Researchers believe changes in dietary fatty acids from the higher monounsaturated fat intake with a Mediterranean diet will decrease the levels of certain proteins in the body that are linked to the development of colon cancer. At the same time, other cancer-protective compounds are expected to increase because of the Mediterranean diet.

In addition to following the diet plan, study participants will be screened in person three times during the six-month study. Participants who complete the study will receive $270.

In addition to Djuric, U-M study investigators are Dean Brenner, M.D., professor of internal medicine and pharmacology; Mack Ruffin, M.D., professor of family medicine; and Kim Turgeon, M.D., clinical associate professor of internal medicine.

Funding for the study is from the National Institutes of Health.

For information about the Healthy Eating for Colon Cancer Prevention trial, call 800-742-2300 ext. 6504.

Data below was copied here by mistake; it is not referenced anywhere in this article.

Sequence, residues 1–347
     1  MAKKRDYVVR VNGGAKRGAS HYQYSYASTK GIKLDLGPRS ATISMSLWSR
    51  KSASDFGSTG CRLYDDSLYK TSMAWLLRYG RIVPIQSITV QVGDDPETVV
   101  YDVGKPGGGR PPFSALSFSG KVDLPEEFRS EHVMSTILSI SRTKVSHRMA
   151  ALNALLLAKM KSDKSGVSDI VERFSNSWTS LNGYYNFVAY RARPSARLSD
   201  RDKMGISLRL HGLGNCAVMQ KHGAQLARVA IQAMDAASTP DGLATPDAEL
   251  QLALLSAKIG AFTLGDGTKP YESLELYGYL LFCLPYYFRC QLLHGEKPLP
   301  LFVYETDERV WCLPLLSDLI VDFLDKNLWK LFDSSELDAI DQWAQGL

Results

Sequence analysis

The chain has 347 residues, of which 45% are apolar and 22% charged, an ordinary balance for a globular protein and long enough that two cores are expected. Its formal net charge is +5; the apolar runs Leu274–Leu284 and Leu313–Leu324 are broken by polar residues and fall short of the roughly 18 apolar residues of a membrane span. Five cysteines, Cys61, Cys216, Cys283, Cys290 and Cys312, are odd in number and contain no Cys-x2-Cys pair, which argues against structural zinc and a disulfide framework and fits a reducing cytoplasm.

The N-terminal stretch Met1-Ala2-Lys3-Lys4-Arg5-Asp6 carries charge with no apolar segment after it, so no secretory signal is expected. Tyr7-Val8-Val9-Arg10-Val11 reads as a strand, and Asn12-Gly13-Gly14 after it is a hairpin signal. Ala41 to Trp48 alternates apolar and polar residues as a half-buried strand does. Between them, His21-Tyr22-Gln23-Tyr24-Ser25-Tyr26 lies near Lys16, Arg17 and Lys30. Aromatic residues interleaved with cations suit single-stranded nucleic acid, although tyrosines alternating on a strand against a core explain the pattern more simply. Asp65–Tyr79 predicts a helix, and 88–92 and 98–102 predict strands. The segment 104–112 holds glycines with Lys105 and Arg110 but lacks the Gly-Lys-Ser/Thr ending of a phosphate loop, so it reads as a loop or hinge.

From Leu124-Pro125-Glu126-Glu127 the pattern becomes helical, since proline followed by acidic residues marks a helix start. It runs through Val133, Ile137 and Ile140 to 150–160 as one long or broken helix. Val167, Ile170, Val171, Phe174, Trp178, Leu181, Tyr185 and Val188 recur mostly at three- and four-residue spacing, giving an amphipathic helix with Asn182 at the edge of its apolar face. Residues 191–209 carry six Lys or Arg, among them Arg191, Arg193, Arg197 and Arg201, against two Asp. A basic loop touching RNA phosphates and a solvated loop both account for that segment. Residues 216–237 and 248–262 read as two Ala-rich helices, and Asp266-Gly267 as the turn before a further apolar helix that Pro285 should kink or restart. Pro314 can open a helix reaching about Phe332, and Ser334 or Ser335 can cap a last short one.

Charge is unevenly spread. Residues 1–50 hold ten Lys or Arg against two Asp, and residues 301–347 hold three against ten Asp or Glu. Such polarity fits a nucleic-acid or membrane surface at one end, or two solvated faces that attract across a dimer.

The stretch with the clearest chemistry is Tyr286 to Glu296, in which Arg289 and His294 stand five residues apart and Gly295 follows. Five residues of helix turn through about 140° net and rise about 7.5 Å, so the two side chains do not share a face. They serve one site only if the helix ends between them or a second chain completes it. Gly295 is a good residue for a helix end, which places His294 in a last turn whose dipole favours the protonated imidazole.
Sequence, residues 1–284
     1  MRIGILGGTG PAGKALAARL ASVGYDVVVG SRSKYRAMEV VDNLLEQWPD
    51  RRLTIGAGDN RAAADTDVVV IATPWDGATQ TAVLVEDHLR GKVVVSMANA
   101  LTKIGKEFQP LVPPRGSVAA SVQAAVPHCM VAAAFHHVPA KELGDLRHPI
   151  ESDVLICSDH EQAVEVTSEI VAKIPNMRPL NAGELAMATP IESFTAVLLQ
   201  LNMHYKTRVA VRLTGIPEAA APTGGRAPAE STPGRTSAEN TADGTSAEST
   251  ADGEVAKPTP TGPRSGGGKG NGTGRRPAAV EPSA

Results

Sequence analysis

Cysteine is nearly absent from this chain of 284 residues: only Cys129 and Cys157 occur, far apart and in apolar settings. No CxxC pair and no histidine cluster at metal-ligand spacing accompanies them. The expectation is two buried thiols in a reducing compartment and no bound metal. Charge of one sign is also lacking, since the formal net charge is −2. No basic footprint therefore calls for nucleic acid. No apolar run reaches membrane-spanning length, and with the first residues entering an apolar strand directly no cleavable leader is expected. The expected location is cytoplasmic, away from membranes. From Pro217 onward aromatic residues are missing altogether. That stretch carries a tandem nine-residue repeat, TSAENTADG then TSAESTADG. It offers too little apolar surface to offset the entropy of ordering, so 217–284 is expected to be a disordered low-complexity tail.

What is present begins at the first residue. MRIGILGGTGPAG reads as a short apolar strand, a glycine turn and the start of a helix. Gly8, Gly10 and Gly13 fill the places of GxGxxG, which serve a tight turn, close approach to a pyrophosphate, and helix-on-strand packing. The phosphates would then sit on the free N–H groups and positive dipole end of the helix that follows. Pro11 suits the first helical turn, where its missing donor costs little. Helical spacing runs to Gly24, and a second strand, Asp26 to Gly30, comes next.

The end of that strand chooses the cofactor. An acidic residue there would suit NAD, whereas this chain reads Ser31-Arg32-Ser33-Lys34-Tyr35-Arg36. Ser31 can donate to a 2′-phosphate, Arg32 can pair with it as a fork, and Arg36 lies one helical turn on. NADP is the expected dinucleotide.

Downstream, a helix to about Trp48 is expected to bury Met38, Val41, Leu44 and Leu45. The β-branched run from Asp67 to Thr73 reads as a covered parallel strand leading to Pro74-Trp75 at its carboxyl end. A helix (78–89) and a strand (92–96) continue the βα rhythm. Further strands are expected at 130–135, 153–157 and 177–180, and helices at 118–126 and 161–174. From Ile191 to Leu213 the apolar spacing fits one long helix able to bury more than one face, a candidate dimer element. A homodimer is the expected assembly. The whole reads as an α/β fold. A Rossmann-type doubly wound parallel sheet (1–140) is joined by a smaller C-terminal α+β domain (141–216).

Written by: Nicole Fawcett

Nicole Fawcett | EurekAlert!
Further information:
http://www.umich.edu

More articles from Health and Medicine:

nachricht The genes are not to blame
20.07.2018 | Technische Universität München

nachricht Targeting headaches and tumors with nano-submarines
20.07.2018 | Universitätsmedizin der Johannes Gutenberg-Universität Mainz

All articles from Health and Medicine >>>

The most recent press releases about innovation >>>

Die letzten 5 Focus-News des innovations-reports im Überblick:

Im Focus: Future electronic components to be printed like newspapers

A new manufacturing technique uses a process similar to newspaper printing to form smoother and more flexible metals for making ultrafast electronic devices.